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Abstract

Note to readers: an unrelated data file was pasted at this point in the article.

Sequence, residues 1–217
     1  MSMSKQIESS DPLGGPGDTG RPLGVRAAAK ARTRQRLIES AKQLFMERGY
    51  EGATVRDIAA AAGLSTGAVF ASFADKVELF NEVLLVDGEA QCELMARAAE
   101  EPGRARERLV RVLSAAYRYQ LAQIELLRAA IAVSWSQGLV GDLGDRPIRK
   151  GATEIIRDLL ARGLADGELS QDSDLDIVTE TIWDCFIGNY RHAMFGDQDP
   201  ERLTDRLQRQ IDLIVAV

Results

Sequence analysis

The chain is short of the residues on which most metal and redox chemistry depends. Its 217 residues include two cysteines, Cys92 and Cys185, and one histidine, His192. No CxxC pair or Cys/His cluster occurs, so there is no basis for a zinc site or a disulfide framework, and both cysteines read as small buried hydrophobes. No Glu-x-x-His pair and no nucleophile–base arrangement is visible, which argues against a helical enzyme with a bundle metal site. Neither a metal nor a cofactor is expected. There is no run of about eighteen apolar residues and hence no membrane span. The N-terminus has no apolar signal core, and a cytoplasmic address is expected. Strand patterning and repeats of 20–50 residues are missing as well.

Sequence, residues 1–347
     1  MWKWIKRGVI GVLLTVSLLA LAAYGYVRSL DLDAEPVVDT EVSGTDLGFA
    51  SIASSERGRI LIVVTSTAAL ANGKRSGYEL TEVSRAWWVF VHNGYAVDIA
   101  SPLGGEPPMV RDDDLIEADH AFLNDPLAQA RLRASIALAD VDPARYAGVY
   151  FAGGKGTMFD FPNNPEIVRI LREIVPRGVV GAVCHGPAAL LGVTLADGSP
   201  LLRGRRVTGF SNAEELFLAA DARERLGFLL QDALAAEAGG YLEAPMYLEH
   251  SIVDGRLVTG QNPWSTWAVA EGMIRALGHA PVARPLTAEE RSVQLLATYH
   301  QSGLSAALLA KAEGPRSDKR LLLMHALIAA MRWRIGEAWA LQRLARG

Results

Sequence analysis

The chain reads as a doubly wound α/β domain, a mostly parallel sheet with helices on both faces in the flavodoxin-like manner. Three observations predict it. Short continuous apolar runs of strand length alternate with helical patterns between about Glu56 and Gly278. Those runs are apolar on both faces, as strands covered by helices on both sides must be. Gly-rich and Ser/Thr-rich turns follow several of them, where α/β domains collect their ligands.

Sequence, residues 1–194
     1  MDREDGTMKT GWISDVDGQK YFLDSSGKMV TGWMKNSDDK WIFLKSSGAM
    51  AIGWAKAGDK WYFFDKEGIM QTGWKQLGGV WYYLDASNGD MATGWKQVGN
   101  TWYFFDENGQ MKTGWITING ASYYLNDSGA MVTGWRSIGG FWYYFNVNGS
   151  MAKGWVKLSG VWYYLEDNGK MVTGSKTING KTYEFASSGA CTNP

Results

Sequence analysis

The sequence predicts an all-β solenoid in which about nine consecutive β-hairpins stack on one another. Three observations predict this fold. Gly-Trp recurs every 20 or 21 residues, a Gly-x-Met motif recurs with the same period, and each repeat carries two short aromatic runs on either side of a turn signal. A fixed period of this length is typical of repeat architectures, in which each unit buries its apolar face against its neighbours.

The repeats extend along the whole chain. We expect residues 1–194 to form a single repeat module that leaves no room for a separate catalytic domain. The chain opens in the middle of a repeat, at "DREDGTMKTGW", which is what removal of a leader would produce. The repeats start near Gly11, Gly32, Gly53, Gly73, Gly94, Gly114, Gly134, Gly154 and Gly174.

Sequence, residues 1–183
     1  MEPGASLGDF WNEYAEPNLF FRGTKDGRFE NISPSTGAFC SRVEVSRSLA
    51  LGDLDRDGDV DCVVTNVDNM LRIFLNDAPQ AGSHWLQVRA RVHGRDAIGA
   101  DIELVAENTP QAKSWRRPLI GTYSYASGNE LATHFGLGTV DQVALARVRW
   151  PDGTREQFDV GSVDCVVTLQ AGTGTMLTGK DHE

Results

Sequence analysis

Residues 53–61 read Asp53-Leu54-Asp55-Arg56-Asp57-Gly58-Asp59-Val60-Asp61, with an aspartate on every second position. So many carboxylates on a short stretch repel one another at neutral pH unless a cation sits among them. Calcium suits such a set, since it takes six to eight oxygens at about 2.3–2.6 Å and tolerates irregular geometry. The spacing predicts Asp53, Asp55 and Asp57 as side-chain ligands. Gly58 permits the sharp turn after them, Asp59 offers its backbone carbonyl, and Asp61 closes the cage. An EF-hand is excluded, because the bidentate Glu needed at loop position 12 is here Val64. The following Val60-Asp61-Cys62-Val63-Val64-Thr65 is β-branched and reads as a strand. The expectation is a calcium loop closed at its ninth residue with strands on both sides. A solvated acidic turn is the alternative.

This Article argues for the adoption of a gender-based framework to supplement rights promotion strategies and campaigns based on LGBTI identity. The Article draws upon feminist, queer, and trans theory to develop an expansive understanding of gender within international human rights law. An analysis incorporating such theory will catalyze more systematic promotion of LGBTI rights. Although the approach is applicable across a variety of geographic contexts, this Article uses sub-Saharan Africa as an illustrative case study. A focus on gender rights as supplementary to and interrelated with LGBTI rights offers both conceptual and pragmatic benefits in the struggle to promote LGBTI rights in the region. Specifically, the United Nations Committee on the Elimination of Discrimination Against Women (CEDAW Committee) has failed to meaningfully and systematically address discrimination and violence directed at LGBTI communities in this region. An expansion of the CEDAW Committee’s interpretation of gender would encourage the Committee to consider rights violations perpetrated against those who do not conform to gender norms, including normative expressions of masculinity and femininity. First, a focus on non-normative gender expression and sexuality expands our understanding of affected individuals from only self-identified gays and lesbians to include those who do not necessarily identify as gay or lesbian but who, nevertheless, do not conform to traditional norms of sexuality and gender expression. Second, a gender framework facilitates intersectional analysis. If adopted, this analysis would allow the CEDAW Committee to more fully explore how race, ethnicity, and nationhood construct sexuality in the post-colonial period. Intersectional analysis would also allow the Committee to capitalize on its success in raising awareness about and combating gender-based violence. Finally, a gender framework offers the CEDAW Committee and U.N. treaty bodies a discursive wedge to open conversations about sexuality, even in places with wide-spread homophobia.